Pune: Disabled persons and organisations working for their rights are opposing the controversial Citizenship Amendment Act (CAA), National Register of Citizens (NRC) and National Population Register (NPR), terming these as discriminatory, as several of them lack documents since many of them are abandoned by parents. Also, those with impaired vision or physical disability are likely to have mismatch in thumbprints and eye scans.
Over a dozen disability rights organisations from across the country have, therefore, issued a joint statement opposing CAA-NCR-NPR.
As per the 2011 census, 2.1 crore people are disabled in India, which is 2.1% of the total population then. However, only five types of disabilities -- visual, hearing, speech, movement and mental – have been taken into account in the 2011 census. As per the Census, 1.21 crore or almost 50 % of the disabled persons are illiterate, and out of the remaining 1.4 crore persons, only 12 lakh are graduates or above. Overall, 42% the disabled re dependants while 28% of them are students.
However according to World Bank, the number of disabled persons in India is much higher, between four and eight crore.
Besides, after Parliamentary consent to the Rights of Persons with Disablities Act, 2016, India has added 14 disabilities, such as autism, Parkinsons, acid attack victims among others into the earlier seven categories, after long-standing demands from activists. This means that the number of disabled is now much higher than in the 2011 Census.
“We need to understand that CAA-NRC-NPR are intricately connected with each other and the NPR will be feeding into the development of NRC,” Muralidharan, general secretary of National Platform for the Rights of Disabled, told NewsClick.
Pointing out unfairness of the process, Muralidharan said: “Questions related to parents’ date and place of birth have been added in the NPR. Many disabled are abandoned, dislodged from their homes and are homeless. They stay in segregated colonies or in specail institutions and will not be able provide many details sought in the NPR questionnaire. It will be close to impossible for them to provide documents.”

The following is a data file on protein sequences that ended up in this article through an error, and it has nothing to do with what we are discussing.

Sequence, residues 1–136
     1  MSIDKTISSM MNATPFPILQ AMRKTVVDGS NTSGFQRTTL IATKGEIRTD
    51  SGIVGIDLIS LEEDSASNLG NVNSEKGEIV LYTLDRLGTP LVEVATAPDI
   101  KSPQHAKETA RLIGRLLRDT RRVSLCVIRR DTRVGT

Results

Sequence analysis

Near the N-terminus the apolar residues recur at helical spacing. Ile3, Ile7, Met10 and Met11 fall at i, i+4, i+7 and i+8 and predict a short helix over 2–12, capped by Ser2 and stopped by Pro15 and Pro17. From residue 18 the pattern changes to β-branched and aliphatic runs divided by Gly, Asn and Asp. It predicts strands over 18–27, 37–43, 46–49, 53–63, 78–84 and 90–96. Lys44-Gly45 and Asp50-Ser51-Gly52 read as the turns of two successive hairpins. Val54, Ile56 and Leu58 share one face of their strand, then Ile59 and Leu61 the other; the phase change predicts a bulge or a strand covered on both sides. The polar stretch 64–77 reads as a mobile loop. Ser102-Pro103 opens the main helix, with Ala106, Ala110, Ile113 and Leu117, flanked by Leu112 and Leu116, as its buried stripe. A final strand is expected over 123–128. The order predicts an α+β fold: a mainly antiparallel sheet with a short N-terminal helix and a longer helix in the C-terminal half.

Narrating his woes, Nitin Shewale, a second year Master’s student in politics from Abasaheb Garware College, Pune, and a civil services aspirant, who is fully blind, said: “I have an Aadhar card and but when I go to buy a sim card for my mobile phone, my vision and thumbprints don’t match due to problems in my eyes. So, they don’t give me a sim card. I cannot take an electricity connection in my name due to the same reason.”
The statement issued underlines this issue. It says: “We are worried, as after the enumeration, the information will be crosschecked with the Unique Identification Authority of India (UIDAI) to verify the individual’s biometrics. Experience shows that the problem of mismatch of Aadhar-generated biometrics has deprived lakhs of poor and disabled of their entitlements. Additionally, lakhs of disabled have not been able to enrol for Aadhar due to a variety of problems. This will happen again for NPR and NRC.”
S Namburajan, general secretary, Tamil Nadu Association for the Right of all Types of Differently Abled and Caregivers, said: “We are also concerned that after Aadhaar verification, once the data is entered into the Local Population Register, and the Local Registrar marks anyone of us as “doubtful” for any reason, we will be forced to undertake umpteen trips to the offices concerned (which will doubtlessly be inaccessible and pose multiple hurdles) with proof of citizenship. Many disabled people do not even have birth certificates, leave alone the details of previous generations.”
A physically handicapped person, who is pursuing a doctorate from Savitribai Phule Pune University, is worried for the same reason, as he is apprehensive about the umpteen visits to government offices, where both staff and infrastructure are non-disabled friendly.
Disability rights activists say that no document that proves identity—birth certificate, Aadhaar, Voter ID, PAN card, or passport -- was by itself accepted as proof of citizenship. To top it, spelling errors and mismatch also leads to problems.
“We have experienced severe difficulties and insurmountable hurdles even in procuring disability certificates. Procuring additional certificates in an entirely disabled unfriendly environment means putting us to immense hardships and mental trauma,” he said.
Pradip More, 31, an activist in Pune who works for deaf people through the State Level Association of the Deaf, Maharashtra, said, “Deaf people face problems while communicating with others. Most of them are illiterate and from low-income groups who don’t understand CAA or NCR or NPR. How will they go through this process?”
Activists are also worried over the serious and long-term mental health impact that the process of CAA-NPR-NRC is already having and is likely to have, on all residents of India.
Instead of asking us to go through this turmoil, the government should create jobs for us so that we do not have to depend on others, added Shewale.
The writer is an independent journalist based in Pune.